Airmen, Marines and sailors conduct a readiness training mission in Kapaa, Hawaii, July 4, 2017. Air National Guard photo by 1st Lt. Paul Stennett

The best way to find yourself is to lose yourself in the service of others – Mahatma Ghandi

One of the most common impacts of leaving the military is loss of meaning and purpose. Regardless of why we joined, while we were in the military, service members expended energy and effort for the greater good. There was the global “service to the nation,” of course, but service to those around us, our battle buddies, shipmates, or wingmen. To a greater purpose.

When a service member leaves the military and doesn’t have that, things can go wrong quickly. We can become bored. Disillusioned. Angry even, and there is a danger of falling into the veteran stereotypes. A hero, to be revered; a victim, to be pitied; a villain, to be feared. Sometimes, veterans play into those stereotypes. We rage and rail against perceived injustices to anyone who will listen. To what purpose? What, precisely, are veterans trying to do when we shout “unfair” and “where’s mine” to fill the void that leaving the military left in us? Some of it is to certainly fill that void, but it is ultimately unsatisfactory.

It’s hard to shake your fist at the sky when you’re holding a shovel.

There’s plenty to do in our post-military lives, and to be sure, getting out of work is something that we often tried to do when we were in. The thing was, when we were shamming in the military, it was often busy work, and there were others to pick up the slack. And, because you can’t be lucky enough to execute the proper sham maneuver every time, you often picked up the slack when others shammed. So it all worked out in the end. Not doing work outside the military, though? Although you might not truly be on your own, you’re doing the solo thing just enough that there’s not anyone to pick up the slack when you’re shamming it.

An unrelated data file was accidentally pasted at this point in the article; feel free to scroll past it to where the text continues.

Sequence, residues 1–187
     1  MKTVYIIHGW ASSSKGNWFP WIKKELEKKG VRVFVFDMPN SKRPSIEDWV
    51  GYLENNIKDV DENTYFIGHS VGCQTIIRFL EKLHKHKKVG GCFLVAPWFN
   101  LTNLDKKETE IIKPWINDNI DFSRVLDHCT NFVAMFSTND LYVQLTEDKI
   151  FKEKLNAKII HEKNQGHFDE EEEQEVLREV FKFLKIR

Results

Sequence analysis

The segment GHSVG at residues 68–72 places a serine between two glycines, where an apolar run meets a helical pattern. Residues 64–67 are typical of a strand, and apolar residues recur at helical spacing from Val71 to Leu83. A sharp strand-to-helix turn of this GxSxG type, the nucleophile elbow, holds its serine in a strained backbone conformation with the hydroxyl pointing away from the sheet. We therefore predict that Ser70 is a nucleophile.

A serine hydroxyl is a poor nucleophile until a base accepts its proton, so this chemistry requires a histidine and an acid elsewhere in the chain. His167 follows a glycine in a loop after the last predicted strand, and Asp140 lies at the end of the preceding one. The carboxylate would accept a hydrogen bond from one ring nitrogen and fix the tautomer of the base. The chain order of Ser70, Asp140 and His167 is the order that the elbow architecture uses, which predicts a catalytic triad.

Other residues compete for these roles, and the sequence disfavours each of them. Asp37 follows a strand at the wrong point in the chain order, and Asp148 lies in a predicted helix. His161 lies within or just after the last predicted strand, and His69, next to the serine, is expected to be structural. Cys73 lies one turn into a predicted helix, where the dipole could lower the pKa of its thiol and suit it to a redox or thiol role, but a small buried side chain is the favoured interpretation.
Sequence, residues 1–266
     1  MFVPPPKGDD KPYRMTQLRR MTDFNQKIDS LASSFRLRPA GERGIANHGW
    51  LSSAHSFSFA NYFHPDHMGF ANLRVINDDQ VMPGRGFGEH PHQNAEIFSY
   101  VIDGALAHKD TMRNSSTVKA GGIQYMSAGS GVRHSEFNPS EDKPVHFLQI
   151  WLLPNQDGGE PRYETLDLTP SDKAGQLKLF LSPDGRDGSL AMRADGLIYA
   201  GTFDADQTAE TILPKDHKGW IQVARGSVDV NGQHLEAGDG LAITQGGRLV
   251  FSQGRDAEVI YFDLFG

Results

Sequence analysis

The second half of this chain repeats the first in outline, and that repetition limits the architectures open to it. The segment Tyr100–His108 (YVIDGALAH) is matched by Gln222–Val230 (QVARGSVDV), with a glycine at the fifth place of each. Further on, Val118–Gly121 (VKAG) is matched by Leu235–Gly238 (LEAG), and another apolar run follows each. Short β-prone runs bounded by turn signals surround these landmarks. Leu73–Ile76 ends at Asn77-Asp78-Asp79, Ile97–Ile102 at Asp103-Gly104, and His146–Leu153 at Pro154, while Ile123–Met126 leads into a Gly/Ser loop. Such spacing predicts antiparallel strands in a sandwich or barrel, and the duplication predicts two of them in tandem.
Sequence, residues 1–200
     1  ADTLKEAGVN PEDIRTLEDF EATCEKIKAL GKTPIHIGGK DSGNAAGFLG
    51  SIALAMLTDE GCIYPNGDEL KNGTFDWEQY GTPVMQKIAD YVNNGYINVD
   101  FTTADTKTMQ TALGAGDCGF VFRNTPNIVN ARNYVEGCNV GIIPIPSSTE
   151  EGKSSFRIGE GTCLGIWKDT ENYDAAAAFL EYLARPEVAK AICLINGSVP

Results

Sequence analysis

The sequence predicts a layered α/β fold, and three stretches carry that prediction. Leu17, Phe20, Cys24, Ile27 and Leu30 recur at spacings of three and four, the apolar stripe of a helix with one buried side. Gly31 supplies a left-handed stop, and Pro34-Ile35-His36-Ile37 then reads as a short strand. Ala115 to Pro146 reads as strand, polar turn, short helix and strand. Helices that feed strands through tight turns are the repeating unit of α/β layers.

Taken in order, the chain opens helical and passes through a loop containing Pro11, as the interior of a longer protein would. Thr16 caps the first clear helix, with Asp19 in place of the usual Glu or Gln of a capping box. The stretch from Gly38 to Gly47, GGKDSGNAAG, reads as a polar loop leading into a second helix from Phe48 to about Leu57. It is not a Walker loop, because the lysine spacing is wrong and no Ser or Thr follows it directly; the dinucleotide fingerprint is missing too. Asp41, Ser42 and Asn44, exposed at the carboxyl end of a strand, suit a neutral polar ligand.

As I mention often, the current generation of veterans has the ability, and responsibility, to change the world. Talk doesn’t bring about change, though, work does, and one of the best ways to fill that void is to work on behalf of others.

Service through Veteran Groups

“Who wants to join a bunch of old guys drinking in a basement?” I don’t hear it a lot, but often enough that it’s noticeable. The divide between Post 9/11 veterans and those who came before them is often identified by organizations that support one group over the other. We also divide ourselves in the same way. Younger veterans are staying away from “legacy” veteran service organizations like the VFW and American Legion. Just like the stereotypes that people have of veterans, however, we can sometimes buy into the stereotypes of these organizations. How do you know how they are, if you don’t check it out for yourself? I don’t belong to any, for full disclosure, but for me it’s because it’s a matter of time, not inclination.

Organizations such as these are doing great things on the part of veterans. Former soldiers of mine are working in organizations like the Vietnam Veterans of America, of the Paralyzed Veterans of America. Others are getting involved in other veteran organizations that give back to the community, like Team Rubicon or the Travis Manion Foundation. If there is a loss of a sense of service and camaraderie in our post-military lives, getting involved in organizations such as these can help.

Service through Entrepreneurship